White exterior siding, she painted deep purple, her living room a bright shade of teal, the kitchen and bathroom floor checkered in both. For her daughter Ninas room, she chose a mixture of oranges and pinks, the computer room a cobalt blue, and for her and fiancé Jesse Fitzpatricks bedroom, neon pink.

"The houses they build today are all white, off white, cream, beige..taupe. They're boring," Supernaw said. "I like old houses with character, and certainly something that doesn't look like everything else on the block."

Because her fiancé is too tall for the house, Supernaw, however, is moving. But her house, listed for $124,900, is not selling.

Although she doesnt regret painting it, Supernaw is finding it difficult to sell her home, along with many others in Lawrence. In her neighborhood alone, 10 houses are listed. But does the color of a house really affect its attractiveness in the market? Absolutely, says local realtor Larry Northrop.

"Most of your builders and remodelers are going to stay in the safe zone which are the earth tones and not venture out into the purples and greens and blues," Northrop said. "Those are what I like to refer to as love/hate colors. You either love them or you hate them, and if you hate them, you're not going to buy the house."

It may even affect the sell-ability of other houses in the neighborhood, he said. Neighbors many times like uniformity in the color of every house on their block.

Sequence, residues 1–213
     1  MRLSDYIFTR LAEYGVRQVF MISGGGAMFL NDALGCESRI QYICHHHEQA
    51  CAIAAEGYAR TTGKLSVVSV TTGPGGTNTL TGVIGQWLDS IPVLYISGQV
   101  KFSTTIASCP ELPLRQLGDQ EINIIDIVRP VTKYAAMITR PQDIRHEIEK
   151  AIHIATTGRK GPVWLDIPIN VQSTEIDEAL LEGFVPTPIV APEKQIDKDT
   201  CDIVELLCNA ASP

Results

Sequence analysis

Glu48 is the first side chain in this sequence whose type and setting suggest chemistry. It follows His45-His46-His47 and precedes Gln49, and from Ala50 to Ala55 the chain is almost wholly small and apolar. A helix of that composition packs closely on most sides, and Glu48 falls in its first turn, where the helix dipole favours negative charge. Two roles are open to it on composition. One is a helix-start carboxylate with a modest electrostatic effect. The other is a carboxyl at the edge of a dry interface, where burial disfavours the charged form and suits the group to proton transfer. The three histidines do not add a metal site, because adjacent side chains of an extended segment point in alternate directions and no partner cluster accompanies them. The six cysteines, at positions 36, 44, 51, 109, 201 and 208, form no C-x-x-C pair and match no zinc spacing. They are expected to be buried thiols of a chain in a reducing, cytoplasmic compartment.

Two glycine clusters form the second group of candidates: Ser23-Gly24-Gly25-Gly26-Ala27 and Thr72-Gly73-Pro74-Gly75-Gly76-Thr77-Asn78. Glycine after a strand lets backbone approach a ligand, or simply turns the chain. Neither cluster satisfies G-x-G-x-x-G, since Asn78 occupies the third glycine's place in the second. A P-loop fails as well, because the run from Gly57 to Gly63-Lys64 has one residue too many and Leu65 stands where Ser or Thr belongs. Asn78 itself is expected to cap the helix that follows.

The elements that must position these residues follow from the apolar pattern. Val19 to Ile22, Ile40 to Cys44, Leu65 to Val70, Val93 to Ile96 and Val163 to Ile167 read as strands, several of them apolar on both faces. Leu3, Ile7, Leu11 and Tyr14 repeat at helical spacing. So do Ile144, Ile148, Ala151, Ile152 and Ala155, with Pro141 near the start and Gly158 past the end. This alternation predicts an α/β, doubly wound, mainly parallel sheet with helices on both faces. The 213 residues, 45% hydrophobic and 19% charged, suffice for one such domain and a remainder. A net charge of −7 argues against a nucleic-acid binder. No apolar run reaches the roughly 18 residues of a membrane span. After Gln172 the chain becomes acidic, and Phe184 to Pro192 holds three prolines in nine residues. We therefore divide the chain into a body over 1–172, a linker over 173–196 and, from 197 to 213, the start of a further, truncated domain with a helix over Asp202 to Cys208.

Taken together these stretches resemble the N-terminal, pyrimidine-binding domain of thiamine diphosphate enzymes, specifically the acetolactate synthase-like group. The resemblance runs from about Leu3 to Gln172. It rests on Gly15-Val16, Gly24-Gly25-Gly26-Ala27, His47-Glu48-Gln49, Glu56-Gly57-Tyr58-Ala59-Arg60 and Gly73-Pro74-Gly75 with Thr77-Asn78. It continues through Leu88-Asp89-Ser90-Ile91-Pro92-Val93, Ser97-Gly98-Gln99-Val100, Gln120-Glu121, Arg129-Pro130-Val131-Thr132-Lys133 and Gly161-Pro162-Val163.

Helen Smith, a neighbor to the home since 1943, doesn't care for purple houses.
"I was disappointed when I saw it," Smith said. "Somebody said it would grow on me, but it really hasnt. I dont like bright colors on a house."

But not all people feel that way. Supernaw said one neighbor commented how she loved the color of the house, because every morning when she woke up and looked out her window, it made her smile.

Supernaw also said that when she was painting the house many people dropped by with positive comments on the color.

"We are having trouble selling the house," Supernaw said. "I'm not sure it has so much to do with the color, but more with the way the market is right now."

According to the results from the Census Bureau, between July 2004 and July 2005 Lawrence lost approximately 26 residents, the first time in 30 years it has recorded an annual population decline. Shattering the traditional 2 opulation increase recorded every other year.

Northrop said that he usually suggests to sellers of brightly colored houses that before listing them they should paint their homes a more neutral color.

"Especially if they want to maximize the amount they can make out of their house," he added.
"If you keep the house a bright color, you're restricted to a smaller buying pool," he said. "You might have 10 buyers look at it and nine of them not like the color, but maybe one loves the purple, he said. In the end, it affects the price of the property."

But Supernaw is hopeful.

"I dont think I should have to paint it," she said. "I thought I would live here forever I want someone who wants a purple house."